Following the trail of Longhorsley Moor

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Longhorsley Moor is about a mile-and-a-half in length, from Beacon Hill in the south west to Cross Cottage in the north east, and contains about 156 acres.

The northern half, the part you are most likely to visit, is a Site of Special Scientific Interest, or SSSI. It stands on the left side of the A697 as you go from Morpeth to Longhorsley.

The main entrance is by a farm road leading to Horsley High Barns, next to a lay-by and roughly opposite a signpost to Fieldhead. The farm road divides the SSSI into two.

To your left, or south, is an area of open moorland with scattered trees. I had difficulty finding a path and did not go very far into it. Beyond it is the area not in the SSSI. This, as far as I can tell from Google Earth, is more of the same.

What lies to your right is quite different. Sweeping meadows alternate with woods, mainly of old birch trees, but rich with other trees and shrubs, including hawthorn with vast swathes of may blossom.

Longhorsley Moor has had a varied history. When Lady Elizabeth Dacre died in 1518, her estate in Horsley consisted of various 'husband lands' and meadows held by 'divers tenants'. She also had a 'free forest', governed by a forest court, which was used for pasturage. (Hodgson, History of Northumberland, Part II, Vol. 2, 1832).

Despite its legal status as a forest, meaning that it was reserved for the lord of the manor to hunt in, it had clearly been taken over by the peasant farmers of Longhorsley as a place for keeping their livestock. Longhorsley Moor may well be the last relic of that forest.

By the 19th century, many freeholders in Longhorsley had the right to stint cattle, sheep and geese on the Moor, and a common herdsman was employed to look after them. Yet other freeholders had the right to shoot over it, and no doubt many people, whether freeholders or not, went there to pick blackberries and to collect firewood and timber to mend their houses, sheds and fences.

Grazing by sheep and cattle produced a characteristic mix of vegetation known as lowland heath, which the Trail leaflet describes as “a mosaic of heather, bracken, acid grassland and gorse”.

When grazing petered out in the 1960s or so, the heath deteriorated into birch scrub. Left to itself, this would eventually become birch forest. The discovery of bog oaks at Linden in the 19th century, however, suggests that the original climax vegetation was oak forest.

The SSSI was established in 1987. Longhorsley Parish Council, which owns the Moor, manages the SSSI on behalf of English Nature.

Exmoor ponies and Soay sheep have been introduced to re-establish grazing and so preserve the lowland heath. When I visited the Moor a few weeks ago, however, the only living things I encountered, other than plants, were insects and birds, though I am assured that the ponies and sheep were there.

A narrow seam of coal called the Stanton seam runs across the northern tip of the Moor. Bell-pits were dug into it in earlier centuries, and a colliery employing four men worked it until the 1920s. And when Charles William Bigge built his new house of Linden in 1812, he opened a quarry for it on the Moor, a few hundred yards north of the main entrance.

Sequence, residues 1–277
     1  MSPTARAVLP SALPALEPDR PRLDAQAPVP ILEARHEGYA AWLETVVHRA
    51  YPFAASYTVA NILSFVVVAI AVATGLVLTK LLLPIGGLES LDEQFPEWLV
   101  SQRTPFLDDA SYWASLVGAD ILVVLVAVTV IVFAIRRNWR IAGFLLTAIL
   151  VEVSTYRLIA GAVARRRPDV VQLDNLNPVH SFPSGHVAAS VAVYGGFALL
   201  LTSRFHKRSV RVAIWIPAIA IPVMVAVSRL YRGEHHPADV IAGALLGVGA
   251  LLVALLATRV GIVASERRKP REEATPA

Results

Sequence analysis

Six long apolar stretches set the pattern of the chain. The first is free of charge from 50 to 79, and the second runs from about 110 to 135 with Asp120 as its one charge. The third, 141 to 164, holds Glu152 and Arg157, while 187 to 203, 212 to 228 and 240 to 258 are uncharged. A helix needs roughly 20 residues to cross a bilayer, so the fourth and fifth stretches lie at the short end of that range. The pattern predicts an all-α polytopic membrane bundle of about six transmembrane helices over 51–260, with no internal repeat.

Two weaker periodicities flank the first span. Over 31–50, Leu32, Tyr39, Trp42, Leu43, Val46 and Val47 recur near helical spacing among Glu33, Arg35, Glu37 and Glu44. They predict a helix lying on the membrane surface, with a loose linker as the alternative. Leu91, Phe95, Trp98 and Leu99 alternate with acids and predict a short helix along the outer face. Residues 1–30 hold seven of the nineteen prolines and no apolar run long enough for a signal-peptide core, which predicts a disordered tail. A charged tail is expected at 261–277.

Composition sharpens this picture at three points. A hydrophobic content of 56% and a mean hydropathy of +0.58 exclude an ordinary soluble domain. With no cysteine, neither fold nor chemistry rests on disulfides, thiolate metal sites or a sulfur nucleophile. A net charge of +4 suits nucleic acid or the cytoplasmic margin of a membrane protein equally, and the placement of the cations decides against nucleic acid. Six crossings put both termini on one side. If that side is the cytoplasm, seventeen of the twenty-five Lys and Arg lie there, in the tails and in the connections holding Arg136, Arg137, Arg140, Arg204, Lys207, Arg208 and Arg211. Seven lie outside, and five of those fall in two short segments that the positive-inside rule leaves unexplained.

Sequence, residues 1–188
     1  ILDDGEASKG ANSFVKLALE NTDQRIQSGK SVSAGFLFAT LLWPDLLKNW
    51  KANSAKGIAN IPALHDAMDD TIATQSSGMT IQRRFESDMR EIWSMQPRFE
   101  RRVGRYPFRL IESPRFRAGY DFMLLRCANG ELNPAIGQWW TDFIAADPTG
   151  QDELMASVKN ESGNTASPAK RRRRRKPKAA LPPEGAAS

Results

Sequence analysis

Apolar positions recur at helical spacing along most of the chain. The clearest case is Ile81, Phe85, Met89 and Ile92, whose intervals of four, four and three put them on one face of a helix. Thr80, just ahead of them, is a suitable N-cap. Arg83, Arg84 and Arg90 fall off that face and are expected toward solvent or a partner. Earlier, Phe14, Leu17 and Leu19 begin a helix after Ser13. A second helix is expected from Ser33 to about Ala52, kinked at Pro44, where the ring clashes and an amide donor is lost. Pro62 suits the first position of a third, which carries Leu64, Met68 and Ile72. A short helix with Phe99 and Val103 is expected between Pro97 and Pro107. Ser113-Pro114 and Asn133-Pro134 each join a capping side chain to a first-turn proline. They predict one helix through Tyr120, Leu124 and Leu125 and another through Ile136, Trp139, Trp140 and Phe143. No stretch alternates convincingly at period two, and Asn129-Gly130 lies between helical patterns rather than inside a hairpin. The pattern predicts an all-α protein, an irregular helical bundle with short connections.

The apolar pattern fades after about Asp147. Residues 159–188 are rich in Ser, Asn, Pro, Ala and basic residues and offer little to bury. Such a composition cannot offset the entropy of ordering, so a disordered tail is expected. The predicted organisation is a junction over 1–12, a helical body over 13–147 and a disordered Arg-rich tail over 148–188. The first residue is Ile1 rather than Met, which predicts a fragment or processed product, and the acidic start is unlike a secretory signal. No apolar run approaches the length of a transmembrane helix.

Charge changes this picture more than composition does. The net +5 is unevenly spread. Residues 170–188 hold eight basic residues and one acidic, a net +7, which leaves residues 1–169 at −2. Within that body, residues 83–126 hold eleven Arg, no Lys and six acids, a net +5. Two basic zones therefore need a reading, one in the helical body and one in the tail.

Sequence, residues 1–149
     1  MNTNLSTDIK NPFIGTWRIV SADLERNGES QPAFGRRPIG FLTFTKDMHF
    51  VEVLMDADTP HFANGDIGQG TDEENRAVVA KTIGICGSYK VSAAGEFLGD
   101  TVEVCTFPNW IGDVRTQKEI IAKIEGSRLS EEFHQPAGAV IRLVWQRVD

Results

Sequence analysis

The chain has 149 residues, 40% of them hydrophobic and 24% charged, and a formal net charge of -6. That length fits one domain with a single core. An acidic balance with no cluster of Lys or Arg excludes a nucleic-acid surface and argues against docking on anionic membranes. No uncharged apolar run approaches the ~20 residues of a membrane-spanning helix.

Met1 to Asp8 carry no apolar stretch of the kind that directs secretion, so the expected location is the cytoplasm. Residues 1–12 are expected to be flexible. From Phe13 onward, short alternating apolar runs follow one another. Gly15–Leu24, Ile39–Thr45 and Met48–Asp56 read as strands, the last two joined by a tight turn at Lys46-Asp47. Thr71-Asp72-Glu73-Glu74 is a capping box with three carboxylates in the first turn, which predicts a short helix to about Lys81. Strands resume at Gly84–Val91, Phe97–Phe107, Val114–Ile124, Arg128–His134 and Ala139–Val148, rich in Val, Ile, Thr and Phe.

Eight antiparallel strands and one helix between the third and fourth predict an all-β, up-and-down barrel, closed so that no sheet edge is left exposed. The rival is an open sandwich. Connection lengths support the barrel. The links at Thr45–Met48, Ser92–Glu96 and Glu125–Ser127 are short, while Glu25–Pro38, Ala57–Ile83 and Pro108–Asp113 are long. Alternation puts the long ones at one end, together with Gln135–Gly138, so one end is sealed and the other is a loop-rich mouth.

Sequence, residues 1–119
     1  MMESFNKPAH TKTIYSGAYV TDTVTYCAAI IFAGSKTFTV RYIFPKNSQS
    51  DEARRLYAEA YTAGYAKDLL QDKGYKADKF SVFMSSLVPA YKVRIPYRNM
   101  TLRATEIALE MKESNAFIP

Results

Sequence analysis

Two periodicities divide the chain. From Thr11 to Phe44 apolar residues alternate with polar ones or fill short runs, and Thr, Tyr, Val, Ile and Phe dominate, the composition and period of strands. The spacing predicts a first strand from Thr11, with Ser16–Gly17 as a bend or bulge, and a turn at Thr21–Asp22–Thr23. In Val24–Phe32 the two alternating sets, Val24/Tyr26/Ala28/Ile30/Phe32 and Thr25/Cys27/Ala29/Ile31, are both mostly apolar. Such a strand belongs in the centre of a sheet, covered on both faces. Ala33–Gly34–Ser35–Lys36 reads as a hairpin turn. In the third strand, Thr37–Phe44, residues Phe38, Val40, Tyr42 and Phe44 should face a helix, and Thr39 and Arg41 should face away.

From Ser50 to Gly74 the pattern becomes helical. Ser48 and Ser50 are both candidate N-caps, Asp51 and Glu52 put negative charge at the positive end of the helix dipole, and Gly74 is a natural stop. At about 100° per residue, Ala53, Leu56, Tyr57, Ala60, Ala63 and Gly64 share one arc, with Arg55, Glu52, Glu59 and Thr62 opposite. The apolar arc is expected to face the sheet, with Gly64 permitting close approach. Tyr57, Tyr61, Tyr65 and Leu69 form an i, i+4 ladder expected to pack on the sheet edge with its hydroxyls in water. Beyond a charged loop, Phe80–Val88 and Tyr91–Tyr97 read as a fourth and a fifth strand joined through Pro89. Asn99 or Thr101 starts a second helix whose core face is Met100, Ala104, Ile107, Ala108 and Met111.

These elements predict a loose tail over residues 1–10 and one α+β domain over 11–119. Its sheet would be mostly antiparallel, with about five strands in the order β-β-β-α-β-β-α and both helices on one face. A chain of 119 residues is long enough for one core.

The Moor was also used for horse races. In June 1822 the prizes for each day included a Purse of Gold and a saddle and bridle. By the 1920s, however, the races were held in October, on the same day as the riding of the bounds, and the prizes were £9, £4 and £2.

The quarry and the approximate positions of the winning post and colliery are marked on the Longhorsley Moor Trail plan. I set off with high hopes of seeing all three, but it was not to be. I think I may have found myself in the quarry, but the trees and shrubs round the sides were so dense, I couldn’t see any sign of a quarry face.

The trail leaflet, which is excellent, warns you that the trail is rough and sometimes boggy. It urges you to keep to the designated path to avoid disturbing wildlife. This, however, is impossible.

The trail starts out just beyond the gate, and with luck, you can always see the next waymarker in the distance.

I crossed two bridges. Then the trail divided. You have to follow one path or the other. The one I followed disappeared completely.

Other paths that were not part of the Trail opened up invitingly, which is how I came to be in the quarry, if that’s what it was. I went back to the place where I got lost, only to get lost again.

Fortunately, you can always hear the traffic on the main road so regardless of any path or none, I headed in that direction and found myself at the north entrance.

It’s a well-built kissing gate, like the one at main entrance, but completely overgrown on the road-ward side. The parish council has a notice on the main entrance, asking you to close the gate because of the Soay sheep, but here they don’t need to.

I walked back along the road to where I started. A bird laughed derisively from somewhere in the wood.

Setting out a second time from a point further along the farm road, I managed fairly well until I again got lost on a path that faded into non-existence. Another path appeared, and I came to the fence marking the boundary with the farmland.

I never did complete the circular tour. The day was flawless sunshine. I ate lunch seated on a grassy bank and surrounded by may blossom and the sound of birds.

Acknowledgement: Map and poster reproduced by kind permission of Longhorsley Parish Council.